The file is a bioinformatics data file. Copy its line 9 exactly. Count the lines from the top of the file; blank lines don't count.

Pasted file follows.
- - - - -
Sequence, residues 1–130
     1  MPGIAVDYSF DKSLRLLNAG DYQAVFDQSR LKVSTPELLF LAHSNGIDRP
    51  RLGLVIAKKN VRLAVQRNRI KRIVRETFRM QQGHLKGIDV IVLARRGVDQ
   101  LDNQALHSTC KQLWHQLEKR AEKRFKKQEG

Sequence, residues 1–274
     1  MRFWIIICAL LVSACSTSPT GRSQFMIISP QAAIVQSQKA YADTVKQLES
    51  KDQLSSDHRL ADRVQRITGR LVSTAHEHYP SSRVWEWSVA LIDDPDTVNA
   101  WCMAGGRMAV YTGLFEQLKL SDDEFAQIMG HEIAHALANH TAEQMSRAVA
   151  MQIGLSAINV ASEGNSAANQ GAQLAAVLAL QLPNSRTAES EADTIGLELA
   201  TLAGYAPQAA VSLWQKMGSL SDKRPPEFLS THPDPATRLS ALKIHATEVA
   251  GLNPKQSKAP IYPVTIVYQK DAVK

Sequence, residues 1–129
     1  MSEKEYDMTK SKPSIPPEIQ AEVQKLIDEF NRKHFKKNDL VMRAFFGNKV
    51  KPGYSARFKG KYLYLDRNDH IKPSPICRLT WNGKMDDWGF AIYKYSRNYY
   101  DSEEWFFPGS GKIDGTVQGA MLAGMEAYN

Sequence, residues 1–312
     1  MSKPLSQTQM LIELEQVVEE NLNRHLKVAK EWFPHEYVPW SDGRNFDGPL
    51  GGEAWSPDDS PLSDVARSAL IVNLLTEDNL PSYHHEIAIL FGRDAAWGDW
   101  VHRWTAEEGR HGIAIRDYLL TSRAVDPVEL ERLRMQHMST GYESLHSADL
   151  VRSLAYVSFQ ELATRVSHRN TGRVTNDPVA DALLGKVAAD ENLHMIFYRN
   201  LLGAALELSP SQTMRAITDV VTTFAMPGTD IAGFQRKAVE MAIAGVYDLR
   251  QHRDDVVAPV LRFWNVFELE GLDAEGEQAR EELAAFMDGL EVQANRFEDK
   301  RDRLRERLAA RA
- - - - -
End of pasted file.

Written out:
   151  MQIGLSAINV ASEGNSAANQ GAQLAAVLAL QLPNSRTAES EADTIGLELA